GE, NetBio to Validate Fully Integrated Rapid DNA system
News Mar 21, 2014
GE Healthcare Life Sciences and NetBio announce that an extensive developmental validation of DNAscan™ Rapid DNA Analysis™ System has commenced. The studies will evaluate the overall system from swab-in to profile-out, including the instrument, NetBio BioChipSet™ Cassette, STR chemistry, and data interpretation by the on-board Expert System Software. The software enables fully automated data analysis which will be critical to Rapid DNA Analysis realizing its full potential outside the laboratory. This approach to validation will pave the way for future uptake of Rapid DNA by crime laboratories and police stations globally.
Mike Benevento, General Manager, Human Identification, GE Healthcare Life Sciences, said: "Rapid DNA analysis will significantly increase the speed with which DNA supports the investigation of crimes and is predicted to substantially reduce violent and property crime over time. Together with NetBio, we are committed to the responsible adoption of DNAscan Rapid DNA Analysis System which is essential to successfully realizing this potential, not just in the United States, but globally. We are working closely with the FBI, SWGDAM (Scientific Working Group for DNA Analysis Methods), and others in the forensic and law enforcement communities to take a considered, step-wise approach to the introduction of the DNAscan System."
Developmental validation of the system comprises an extensive series of tests to verify that results generated (STR profiles) are reliable and reproducible. A working group which includes five accredited forensic laboratories is independently generating and analyzing data from the DNAscan System. This verification process, which includes meeting an extensive set of FBI Quality Assurance Standards, is expected by the forensic science community for any new scientific technology being introduced into the criminal justice system. Following analysis, the results will be used to seek National DNA Index System (NDIS) approval which will allow forensic laboratories to submit the STR profiles generated by the DNAscan System to the U.S. national DNA database (CODIS). NDIS approval is also a critical step toward the ultimate goal of obtaining approval for use in the police station.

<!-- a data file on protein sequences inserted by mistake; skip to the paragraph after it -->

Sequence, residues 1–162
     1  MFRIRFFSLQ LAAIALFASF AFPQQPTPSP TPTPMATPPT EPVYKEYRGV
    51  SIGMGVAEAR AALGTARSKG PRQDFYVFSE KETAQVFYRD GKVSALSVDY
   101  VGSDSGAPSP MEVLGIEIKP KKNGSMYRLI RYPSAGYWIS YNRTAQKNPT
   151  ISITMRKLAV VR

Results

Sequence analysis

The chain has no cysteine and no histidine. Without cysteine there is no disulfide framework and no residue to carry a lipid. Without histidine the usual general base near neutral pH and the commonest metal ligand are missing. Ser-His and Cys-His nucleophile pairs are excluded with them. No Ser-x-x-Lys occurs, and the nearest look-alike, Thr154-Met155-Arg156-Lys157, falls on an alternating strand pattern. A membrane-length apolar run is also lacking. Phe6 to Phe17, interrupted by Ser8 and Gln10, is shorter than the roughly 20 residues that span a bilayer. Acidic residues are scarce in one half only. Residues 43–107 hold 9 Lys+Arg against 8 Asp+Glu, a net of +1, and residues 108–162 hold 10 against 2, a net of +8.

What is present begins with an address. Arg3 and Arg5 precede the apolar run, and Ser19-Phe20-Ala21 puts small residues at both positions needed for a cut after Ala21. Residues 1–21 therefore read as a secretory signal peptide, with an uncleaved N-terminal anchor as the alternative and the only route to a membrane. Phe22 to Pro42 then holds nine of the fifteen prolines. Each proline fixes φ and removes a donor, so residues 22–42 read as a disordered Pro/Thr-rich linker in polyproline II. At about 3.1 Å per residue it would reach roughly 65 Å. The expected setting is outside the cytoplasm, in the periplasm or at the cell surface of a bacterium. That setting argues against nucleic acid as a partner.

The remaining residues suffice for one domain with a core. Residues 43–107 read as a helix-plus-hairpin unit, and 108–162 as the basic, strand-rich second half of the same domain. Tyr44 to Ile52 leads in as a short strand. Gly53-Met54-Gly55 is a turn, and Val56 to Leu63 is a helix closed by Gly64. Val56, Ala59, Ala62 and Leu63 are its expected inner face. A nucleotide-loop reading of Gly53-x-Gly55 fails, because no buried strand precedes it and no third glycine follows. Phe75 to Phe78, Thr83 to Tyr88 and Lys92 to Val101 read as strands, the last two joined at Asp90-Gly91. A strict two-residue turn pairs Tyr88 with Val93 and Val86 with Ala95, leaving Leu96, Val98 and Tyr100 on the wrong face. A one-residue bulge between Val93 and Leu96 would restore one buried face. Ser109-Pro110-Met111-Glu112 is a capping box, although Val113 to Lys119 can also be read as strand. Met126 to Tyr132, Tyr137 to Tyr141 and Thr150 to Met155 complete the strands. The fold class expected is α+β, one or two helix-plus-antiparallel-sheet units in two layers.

Bloodstains at Crime Scenes Can Now be Used to Determine Age of SuspectNews
A new blood test, which could be performed at a crime scene, could help determine the age of a suspect or victim within just an hour.
This Seed Could Bring Clean Water to MillionsNews
Biomedical Engineering and Chemical Engineering Professors Bob Tilton and Todd Przybycien recently co-authored a paper with Ph.D. students Brittany Nordmark and Toni Bechtel, and alumnus John Riley, further refining a process that could soon help provide clean water to many in water-scarce regions. The process, created by Tilton’s former student and co-author Stephanie Velegol, uses sand and plant materials readily available in many developing nations to create a cheap and effective water filtration medium, termed “f-sand.”READ MORE
World’s First Portable Fingerprint Drug Test Introduced in ItalyNews
Revolutionary new test analyses fingerprint sweat to determine cocaine, opiates, amphetamines and cannabis use.READ MORE